These 2 Anti-Ad Blocking Companies Are Joining Forces to Protect Promos and Profits

Adaptive Medias and AdSupply announce plans to merge

Mobile advertising delivery company Adaptive Medias and programmatic advertising marketplace AdSupply Inc. today announced plans to merge in hopes of better defending marketers and publishers against ad blockers.

According to its letter of intent, Adaptive Medias said it would pay AdSupply $8 million in cash and newly issued restricted stock. As a result of the deal, AdSupply shareholders would own 53 percent of the company, and Adaptive Medias' shareholders would own the remaining 47 percent. The deal, in which the two companies would merge under the name Adaptive Medias, is expected to close during the second quarter of 2016.

Justin Bunnell, CEO of AdSupply, said in a statement that the merger would enable the combined company to better bypass ad blocking.

"With the Internet rapidly migrating to HTML5 video, especially on mobile devices, we must be well positioned in this space and Media Graph is the next generation, state-of-the-art platform that would otherwise take us two or more years to build on our own," Bunnell said. "With AdSupply's larger market position and customer base, this is a classic win-win deal with several powerful catalysts for accelerated growth and profitability."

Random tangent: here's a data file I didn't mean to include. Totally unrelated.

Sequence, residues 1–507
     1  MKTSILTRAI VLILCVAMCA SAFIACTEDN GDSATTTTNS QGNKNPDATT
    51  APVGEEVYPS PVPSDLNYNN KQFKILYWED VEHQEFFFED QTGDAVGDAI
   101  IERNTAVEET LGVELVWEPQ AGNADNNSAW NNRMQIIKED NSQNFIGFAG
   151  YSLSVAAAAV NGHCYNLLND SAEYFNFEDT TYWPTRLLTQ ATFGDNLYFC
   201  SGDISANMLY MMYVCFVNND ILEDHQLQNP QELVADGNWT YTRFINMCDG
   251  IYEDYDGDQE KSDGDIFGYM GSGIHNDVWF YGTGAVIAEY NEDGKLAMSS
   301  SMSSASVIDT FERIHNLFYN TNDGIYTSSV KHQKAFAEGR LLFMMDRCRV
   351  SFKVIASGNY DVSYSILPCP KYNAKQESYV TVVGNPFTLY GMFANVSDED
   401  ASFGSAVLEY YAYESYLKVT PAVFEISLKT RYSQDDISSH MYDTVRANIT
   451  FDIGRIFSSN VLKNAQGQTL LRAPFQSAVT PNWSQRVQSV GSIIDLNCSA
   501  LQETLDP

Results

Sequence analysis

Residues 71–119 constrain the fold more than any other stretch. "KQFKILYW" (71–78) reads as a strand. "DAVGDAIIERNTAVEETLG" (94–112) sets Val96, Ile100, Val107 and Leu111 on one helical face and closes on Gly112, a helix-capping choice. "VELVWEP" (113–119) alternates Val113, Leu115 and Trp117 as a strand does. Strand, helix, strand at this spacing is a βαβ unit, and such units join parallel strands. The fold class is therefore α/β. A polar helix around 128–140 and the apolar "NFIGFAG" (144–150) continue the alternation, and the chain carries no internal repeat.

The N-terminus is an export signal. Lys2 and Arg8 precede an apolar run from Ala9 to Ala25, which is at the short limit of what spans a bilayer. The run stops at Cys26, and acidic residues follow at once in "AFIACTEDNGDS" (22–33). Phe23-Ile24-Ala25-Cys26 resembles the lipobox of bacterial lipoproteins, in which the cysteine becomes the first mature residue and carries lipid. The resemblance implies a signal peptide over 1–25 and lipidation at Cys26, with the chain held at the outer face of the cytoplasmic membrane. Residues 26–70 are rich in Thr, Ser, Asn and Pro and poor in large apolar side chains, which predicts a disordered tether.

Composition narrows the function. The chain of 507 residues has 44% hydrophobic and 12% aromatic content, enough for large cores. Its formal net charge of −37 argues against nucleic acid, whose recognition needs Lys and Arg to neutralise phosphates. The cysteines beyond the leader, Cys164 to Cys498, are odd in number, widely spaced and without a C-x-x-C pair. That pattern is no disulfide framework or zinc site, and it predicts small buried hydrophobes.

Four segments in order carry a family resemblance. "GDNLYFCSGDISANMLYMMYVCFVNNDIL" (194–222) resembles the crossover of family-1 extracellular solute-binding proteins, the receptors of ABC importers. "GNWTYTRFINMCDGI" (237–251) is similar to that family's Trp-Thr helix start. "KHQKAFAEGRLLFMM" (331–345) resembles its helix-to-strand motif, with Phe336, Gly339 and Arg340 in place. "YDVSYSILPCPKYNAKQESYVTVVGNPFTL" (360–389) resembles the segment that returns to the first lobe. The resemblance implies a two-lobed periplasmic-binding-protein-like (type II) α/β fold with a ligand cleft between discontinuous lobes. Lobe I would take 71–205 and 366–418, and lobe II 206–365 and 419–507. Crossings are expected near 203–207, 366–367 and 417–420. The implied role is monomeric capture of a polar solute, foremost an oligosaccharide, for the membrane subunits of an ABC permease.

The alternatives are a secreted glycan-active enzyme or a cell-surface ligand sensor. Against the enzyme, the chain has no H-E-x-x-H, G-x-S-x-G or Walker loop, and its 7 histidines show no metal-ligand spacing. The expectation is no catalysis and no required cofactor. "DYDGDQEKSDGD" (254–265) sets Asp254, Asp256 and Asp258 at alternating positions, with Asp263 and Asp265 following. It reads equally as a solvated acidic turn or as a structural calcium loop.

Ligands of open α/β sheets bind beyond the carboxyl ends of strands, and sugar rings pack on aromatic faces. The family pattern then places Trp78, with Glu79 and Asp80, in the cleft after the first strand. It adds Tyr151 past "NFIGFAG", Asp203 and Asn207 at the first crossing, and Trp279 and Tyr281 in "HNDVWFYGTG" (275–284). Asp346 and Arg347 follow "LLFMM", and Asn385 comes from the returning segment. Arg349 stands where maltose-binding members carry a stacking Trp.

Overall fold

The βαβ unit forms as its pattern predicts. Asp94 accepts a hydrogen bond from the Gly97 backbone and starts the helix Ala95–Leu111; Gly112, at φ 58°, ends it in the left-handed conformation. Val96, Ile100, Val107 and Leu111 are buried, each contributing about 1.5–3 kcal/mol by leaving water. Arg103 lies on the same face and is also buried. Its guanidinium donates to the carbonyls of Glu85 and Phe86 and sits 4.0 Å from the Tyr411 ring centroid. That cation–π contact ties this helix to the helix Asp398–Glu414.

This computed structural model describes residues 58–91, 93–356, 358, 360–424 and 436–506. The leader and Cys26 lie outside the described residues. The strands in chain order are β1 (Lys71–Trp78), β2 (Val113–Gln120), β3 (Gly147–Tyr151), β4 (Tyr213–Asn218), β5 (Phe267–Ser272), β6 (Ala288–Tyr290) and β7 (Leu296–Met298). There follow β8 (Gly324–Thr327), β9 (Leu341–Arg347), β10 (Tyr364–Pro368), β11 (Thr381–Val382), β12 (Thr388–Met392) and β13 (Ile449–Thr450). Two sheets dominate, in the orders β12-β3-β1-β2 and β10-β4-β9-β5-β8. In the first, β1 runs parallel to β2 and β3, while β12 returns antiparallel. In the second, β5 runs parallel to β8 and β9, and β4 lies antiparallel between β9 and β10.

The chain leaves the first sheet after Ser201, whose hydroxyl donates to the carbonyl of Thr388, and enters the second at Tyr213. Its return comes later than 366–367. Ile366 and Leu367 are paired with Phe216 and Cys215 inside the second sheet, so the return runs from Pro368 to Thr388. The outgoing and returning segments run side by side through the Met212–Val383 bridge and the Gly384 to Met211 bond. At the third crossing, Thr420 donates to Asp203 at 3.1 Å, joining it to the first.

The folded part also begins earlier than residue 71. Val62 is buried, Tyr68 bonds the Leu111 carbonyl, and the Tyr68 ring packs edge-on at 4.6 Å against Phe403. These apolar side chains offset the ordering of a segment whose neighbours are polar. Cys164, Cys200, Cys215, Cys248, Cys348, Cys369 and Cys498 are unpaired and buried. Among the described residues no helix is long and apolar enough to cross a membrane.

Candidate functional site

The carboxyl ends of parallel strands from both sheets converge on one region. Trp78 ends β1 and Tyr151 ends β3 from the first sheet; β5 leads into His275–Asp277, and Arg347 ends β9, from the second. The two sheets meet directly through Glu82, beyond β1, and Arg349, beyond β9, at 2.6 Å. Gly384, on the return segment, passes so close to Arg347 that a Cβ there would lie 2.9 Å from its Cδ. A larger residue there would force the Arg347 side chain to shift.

Last year, Los Angeles-based AdSupply launched BlockIQ, which allowed more than 1,000 publishers to bypass ad-blocking software. On the video front, Irvine, Calif.-based Adaptive Medias' product, Media Graph, lets publishers and content creators monetize videos specially for mobile screens across devices.

The growth of ad blockers is expected to continue: According to eMarketer, the percentage of global Internet users using ad blockers last year rose from 28 percent in the third quarter to 38 percent in the fourth quarter. A report published last summer by Adobe and Irish startup PageFair predicted ad blocking would account for $22 billion in lost advertising revenue in 2015, a 41 percent increase from the year before.

The proposed merger would give the new company enough size and scale to compete in a market likely to experience consolidation, Adaptive Medias CEO John Strong said in a statement. And during its first full year as one company, the new Adaptive Medias would generate revenues of more than $30 million, Strong said.

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